• Nuclear powerStudy Identifies Reasons for Soaring Nuclear Plant Cost Overruns in the U.S.

    By David L. Chandler

    Analysis points to ways engineering strategies could be reimagined to minimize delays and other unanticipated expenses. Many analysts believe nuclear power will play an essential part in reducing global emissions of greenhouse gases, and finding ways to curb these rising costs could be an important step toward encouraging the construction of new plants.

  • China syndromeThe China Initiative: Year-in-Review

    On the two-year anniversary of the Department of Justice’s China Initiative, the Department said it continues its focus on the Initiative’s goals, and announced progress during the past year in disrupting and deterring the wide range of national security threats posed by the policies and practices of the People’s Republic of China (PRC) government.

  • PERSPECTIVE: China syndromeSurveillance State: Why Zhenhua Data Is Researching Irish People for the Chinese Government

    An obscure Chinese company with close ties to the Chinese intelligence services was found to have collected detailed information on 963 influential Irish people. The Irish dataset is part of the company 2.4 million-strong database, consisting of influential people from practically every country in the world. Intelligence specialists say China’s goal is to identify potential weaknesses that could be exploited to advance China’s interests.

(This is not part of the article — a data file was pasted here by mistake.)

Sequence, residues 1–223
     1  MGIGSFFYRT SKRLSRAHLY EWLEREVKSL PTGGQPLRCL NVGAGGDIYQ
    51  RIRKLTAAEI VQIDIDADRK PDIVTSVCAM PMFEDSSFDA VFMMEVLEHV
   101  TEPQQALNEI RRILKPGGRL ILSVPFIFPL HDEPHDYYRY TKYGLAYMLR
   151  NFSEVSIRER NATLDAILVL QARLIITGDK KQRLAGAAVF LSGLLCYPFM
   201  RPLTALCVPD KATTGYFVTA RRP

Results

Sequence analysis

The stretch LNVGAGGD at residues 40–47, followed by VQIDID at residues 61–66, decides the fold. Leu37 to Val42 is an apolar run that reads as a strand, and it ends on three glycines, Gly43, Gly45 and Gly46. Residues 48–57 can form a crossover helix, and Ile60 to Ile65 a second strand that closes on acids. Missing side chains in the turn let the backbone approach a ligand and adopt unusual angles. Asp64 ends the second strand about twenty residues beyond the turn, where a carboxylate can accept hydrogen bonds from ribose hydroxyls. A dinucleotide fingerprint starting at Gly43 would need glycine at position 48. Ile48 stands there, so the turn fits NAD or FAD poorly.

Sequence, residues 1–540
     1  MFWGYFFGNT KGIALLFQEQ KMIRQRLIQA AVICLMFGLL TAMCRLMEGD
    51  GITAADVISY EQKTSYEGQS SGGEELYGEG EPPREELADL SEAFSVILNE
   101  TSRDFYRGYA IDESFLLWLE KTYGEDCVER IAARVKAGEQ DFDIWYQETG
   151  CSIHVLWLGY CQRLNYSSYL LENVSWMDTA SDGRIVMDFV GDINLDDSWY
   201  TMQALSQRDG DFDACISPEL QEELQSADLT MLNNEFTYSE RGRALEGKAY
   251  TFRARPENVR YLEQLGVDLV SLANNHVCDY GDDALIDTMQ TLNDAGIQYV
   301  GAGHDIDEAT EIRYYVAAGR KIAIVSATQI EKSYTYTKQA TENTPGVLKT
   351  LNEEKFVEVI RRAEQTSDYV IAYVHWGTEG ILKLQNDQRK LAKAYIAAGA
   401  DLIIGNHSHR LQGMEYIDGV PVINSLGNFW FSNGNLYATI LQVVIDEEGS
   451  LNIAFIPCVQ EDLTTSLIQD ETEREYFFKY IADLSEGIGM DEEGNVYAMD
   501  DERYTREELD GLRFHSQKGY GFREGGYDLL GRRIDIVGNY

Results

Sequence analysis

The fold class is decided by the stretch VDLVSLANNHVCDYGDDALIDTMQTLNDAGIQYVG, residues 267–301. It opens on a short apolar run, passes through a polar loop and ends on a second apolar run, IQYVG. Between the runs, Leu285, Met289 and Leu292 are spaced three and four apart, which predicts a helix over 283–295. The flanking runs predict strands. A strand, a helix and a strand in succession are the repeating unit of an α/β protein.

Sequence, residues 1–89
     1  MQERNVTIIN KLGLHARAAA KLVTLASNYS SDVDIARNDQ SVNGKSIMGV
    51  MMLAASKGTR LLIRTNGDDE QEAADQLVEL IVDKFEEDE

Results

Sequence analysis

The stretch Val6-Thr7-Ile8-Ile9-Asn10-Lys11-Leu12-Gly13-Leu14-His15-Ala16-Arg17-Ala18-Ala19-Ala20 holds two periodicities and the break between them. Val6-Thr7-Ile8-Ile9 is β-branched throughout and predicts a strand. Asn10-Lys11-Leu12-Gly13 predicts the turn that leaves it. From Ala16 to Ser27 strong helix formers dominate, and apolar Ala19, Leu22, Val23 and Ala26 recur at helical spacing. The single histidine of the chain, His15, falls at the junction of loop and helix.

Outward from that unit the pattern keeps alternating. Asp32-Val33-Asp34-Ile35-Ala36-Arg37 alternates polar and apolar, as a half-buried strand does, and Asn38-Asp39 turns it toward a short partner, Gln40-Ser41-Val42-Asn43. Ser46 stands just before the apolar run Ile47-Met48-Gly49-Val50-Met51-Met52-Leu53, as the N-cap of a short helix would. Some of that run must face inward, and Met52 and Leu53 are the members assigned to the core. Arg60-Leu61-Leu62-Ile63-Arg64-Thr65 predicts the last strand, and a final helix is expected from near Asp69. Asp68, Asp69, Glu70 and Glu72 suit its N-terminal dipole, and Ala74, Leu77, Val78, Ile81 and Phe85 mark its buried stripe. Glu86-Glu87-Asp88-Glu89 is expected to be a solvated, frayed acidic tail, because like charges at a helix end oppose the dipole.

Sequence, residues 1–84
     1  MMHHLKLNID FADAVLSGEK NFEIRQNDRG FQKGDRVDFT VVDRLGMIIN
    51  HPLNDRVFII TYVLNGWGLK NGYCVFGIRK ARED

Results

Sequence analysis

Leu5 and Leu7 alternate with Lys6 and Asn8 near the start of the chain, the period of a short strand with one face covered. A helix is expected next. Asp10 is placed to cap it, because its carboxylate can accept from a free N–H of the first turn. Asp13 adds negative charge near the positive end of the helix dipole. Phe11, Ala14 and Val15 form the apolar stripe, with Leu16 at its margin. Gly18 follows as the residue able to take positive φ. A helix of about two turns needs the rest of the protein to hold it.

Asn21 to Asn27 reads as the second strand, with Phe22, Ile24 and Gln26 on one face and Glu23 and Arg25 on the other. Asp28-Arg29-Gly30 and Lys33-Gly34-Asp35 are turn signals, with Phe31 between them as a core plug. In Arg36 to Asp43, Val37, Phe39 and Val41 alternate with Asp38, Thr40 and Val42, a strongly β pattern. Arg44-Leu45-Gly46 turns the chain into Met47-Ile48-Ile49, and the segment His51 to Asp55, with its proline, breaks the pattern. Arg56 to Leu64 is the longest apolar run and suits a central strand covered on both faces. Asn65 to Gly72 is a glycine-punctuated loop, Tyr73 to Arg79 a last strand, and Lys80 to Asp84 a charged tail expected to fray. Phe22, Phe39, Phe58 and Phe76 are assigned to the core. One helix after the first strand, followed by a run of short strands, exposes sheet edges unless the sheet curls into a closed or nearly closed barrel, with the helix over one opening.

• Cybersecurity education & Cyber workforceHelp Wanted: The Cybersecurity Workforce of the Future Starts with Students Today

    By John Roach

    Today’s critical infrastructure systems from farm fields planted with digital sensors that track soil moisture and nutrient levels to electric power grids equipped to instantly respond to digital signals about shifts in supply and demand are increasingly vulnerable to attacks that could cripple civil society, according to cybersecurity experts. Today, there are nearly 2 million U.S. job openings in the field of cybersecurity, studies indicate.

  • Knife attacksNew Body Armor Offers Better Knife Protection

    The number of knife attacks in Britain has increased over the past few years, while police officers and correctional personnel must contend with an increasing threat from makeshift weapons, such as shanks and spikes. PPSS Group the other day announced a replacement for their polycarbonate-based stab resistant body armor. According to company CEO Robert Kaiser, the new body armor is lighter, thinner, more effective, and more functional.